Flsa Mythbuster: The Boss Does Not Benefit From Sloppy or Incomplete Record Keeping

In investigating wage and hour cases, The Winebrake Law Firm often consults with workers and referring counsel who believe that a wage and hour lawsuit will be too difficult to prove because the company has not maintained accurate time records, and, therefore, the worker will not have a sufficient evidentiary basis for her allegation that she worked long hours without receiving overtime pay. This concern is especially common in cases involving “salaried” workers who have been misclassified as exempt from the FLSA’s overtime pay requirement. Many companies do not track the hours worked by salaried employees.

It’s time to bust this myth. As discussed below, when the boss fails to keep accurate time records, he does so at his own peril.

Courts applying the FLSA recognize that company time records frequently are inaccurate or incomplete. According to the Supreme Court,

time clocks do not necessarily record the actual time worked by employees. Where the employee is required to be on the premises or on duty at a different time, or where the payroll records or other facts indicate that work starts at an earlier or later period, the time clock records are not controlling. Only when they accurately reflect the period worked can they be used as an appropriate measurement of the hours worked.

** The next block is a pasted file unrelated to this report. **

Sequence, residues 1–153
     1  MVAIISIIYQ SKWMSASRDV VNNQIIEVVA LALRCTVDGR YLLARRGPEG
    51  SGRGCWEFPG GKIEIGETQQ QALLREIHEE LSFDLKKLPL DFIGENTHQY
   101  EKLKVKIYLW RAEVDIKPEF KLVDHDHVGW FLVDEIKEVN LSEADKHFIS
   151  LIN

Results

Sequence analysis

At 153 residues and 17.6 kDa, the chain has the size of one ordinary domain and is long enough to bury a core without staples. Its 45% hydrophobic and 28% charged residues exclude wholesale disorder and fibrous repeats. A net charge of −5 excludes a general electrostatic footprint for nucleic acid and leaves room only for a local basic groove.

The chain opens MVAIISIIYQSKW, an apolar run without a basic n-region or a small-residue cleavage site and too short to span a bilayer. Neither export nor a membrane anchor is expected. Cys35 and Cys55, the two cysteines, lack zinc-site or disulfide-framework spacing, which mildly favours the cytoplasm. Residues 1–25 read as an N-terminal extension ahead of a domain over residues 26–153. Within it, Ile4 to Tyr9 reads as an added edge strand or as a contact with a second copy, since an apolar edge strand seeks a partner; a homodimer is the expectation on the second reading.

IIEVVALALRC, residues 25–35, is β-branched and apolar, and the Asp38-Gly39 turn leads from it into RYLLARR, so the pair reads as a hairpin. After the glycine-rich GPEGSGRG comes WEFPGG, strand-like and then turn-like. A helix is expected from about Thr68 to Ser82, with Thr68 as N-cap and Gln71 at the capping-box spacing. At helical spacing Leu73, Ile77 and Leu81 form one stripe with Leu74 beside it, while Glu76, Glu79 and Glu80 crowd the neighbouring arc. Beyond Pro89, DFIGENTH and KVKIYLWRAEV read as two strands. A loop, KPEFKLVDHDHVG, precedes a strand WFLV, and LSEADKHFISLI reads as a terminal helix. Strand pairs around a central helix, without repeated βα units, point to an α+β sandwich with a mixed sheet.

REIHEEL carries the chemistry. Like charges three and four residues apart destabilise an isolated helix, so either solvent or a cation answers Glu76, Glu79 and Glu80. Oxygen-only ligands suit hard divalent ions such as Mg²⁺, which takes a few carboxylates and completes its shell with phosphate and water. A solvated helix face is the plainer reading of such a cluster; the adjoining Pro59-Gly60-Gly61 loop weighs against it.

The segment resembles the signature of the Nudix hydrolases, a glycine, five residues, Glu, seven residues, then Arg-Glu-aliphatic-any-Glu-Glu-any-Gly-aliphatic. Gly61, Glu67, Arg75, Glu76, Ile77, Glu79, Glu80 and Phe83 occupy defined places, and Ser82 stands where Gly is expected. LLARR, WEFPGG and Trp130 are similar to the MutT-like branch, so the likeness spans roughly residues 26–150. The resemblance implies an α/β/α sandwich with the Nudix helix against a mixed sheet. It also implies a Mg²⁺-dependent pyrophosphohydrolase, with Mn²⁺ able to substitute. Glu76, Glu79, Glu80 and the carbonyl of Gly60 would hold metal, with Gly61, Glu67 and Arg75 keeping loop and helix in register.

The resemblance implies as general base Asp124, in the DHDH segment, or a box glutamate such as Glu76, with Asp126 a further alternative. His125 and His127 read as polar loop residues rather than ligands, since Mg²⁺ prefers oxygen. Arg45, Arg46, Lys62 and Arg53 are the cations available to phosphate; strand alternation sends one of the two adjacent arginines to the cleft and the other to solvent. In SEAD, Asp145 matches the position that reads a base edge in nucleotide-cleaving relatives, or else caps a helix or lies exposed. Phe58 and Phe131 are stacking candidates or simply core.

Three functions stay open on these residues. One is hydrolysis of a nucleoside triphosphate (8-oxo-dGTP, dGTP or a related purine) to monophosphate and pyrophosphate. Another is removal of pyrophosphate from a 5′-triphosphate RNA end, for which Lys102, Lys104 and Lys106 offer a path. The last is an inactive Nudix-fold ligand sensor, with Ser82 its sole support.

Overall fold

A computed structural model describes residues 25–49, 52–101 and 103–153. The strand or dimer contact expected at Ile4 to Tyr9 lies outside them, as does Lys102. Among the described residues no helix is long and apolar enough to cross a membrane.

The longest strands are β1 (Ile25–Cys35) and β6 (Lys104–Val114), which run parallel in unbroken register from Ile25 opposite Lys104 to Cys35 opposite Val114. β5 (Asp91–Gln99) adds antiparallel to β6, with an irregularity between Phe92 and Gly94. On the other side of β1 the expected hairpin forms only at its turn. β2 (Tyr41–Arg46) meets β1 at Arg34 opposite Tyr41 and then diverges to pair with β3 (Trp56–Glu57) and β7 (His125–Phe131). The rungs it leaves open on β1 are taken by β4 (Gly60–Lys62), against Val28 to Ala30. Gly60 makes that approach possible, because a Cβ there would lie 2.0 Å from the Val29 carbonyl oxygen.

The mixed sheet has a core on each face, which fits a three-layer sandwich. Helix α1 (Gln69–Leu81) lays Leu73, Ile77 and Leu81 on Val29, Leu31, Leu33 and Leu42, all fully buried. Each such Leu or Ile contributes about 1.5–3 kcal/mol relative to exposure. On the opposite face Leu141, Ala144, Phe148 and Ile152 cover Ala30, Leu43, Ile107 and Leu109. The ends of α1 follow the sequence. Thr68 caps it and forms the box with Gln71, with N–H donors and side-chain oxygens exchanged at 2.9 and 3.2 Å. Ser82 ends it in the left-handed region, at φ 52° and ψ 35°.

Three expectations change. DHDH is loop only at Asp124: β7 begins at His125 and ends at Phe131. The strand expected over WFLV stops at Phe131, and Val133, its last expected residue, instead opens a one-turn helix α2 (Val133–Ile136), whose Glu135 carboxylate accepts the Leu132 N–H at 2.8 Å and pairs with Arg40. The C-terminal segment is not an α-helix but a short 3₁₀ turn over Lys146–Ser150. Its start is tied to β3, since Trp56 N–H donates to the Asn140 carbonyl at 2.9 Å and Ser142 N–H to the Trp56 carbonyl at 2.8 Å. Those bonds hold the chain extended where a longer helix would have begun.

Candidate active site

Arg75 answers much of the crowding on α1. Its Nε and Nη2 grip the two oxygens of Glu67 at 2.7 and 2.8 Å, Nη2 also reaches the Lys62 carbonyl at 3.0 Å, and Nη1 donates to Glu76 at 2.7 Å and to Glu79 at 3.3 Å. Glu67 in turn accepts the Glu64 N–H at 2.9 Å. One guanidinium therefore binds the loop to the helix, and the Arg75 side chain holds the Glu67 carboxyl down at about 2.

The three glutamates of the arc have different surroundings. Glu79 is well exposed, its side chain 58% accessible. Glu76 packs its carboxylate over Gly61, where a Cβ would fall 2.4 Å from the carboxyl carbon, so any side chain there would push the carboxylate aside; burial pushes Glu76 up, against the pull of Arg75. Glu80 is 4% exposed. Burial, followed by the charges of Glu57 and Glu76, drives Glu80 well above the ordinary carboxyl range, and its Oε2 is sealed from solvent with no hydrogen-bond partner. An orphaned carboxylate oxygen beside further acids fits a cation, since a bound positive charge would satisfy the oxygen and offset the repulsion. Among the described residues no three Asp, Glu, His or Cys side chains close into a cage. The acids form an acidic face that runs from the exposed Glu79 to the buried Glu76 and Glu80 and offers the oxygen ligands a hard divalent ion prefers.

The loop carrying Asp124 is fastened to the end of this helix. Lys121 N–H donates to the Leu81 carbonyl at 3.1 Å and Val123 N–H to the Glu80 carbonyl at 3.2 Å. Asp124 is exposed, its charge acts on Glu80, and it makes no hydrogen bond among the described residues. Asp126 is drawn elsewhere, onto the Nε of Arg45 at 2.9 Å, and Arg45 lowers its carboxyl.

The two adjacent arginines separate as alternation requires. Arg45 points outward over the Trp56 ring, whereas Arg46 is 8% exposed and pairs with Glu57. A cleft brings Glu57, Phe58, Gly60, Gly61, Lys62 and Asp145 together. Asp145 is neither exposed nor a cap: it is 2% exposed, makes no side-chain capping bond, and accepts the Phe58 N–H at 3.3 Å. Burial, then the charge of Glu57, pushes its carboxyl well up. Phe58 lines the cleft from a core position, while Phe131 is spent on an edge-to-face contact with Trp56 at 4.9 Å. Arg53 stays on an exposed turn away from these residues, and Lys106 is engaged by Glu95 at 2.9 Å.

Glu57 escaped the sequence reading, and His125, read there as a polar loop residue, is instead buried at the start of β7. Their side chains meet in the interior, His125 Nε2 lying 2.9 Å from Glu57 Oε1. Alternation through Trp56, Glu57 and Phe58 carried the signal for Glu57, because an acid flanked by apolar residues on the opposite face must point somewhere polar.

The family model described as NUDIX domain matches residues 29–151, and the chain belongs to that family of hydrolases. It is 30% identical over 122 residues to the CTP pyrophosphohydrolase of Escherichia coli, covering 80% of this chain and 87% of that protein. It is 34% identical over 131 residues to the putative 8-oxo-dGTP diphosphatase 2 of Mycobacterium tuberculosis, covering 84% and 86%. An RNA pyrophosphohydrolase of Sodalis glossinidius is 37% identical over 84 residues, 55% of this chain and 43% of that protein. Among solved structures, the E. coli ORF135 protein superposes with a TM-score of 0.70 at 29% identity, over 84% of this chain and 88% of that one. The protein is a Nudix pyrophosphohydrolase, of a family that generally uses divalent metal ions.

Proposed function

Anderson v. Mt. Clemens Pottery Co., 328 U.S. 680, 690 (1946).
Moreover, because the company – not the worker – is obligated to maintain accurate records reflecting work hours, the lack of reliable data or recordkeeping can actually benefit the worker in litigation. As observed by the Supreme Court:

The solution [to an employer’s lack of accurate time records] is not to penalize the employee by denying him any recovery on the ground that he is unable to prove the precise extent of uncompensated work. Such a result would place a premium on an employer’s failure to keep proper records in conformity with his statutory duty; it would allow the employer to keep the benefits of an employee’s labors without paying due compensation as contemplated by the Fair Labor Standards Act. In such a situation we hold that an employee has carried out his burden if he proves that he has in fact performed work for which he was improperly compensated and if he produces sufficient evidence to show the amount and extent of that work as a matter of just and reasonable inference. The burden then shifts to the employer to come forward with evidence of the precise amount of work performed or with evidence to negative the reasonableness of the inference to be drawn from the employee’s evidence. If the employer fails to produce such evidence, the court may then award damages to the employee, even though the result be only approximate.

Anderson, 328 U.S. at 687-88.
Following the above principles, federal district courts frequently find that, in the absence of reliable time records, workers can prove their hours worked based entirely on the testimony of themselves and their co-workers. For example, in Doo Nam Yang v. ACBL Corp., 427 F. Supp. 2d 327, 335 (S.D.N.Y. 2005), the district court recognized that “it is possible for plaintiff to meet [his] burden [of proving hours worked] by relying on his recollection alone.” Similar holdings abound.

In sum, workers and their advocates should not allow inaccurate or incomplete time records to discourage them from pursuing their wage and hour rights. If you, your friends, or your clients have not been paid for all hours worked, you should consult with an experienced wage and-hour lawyer.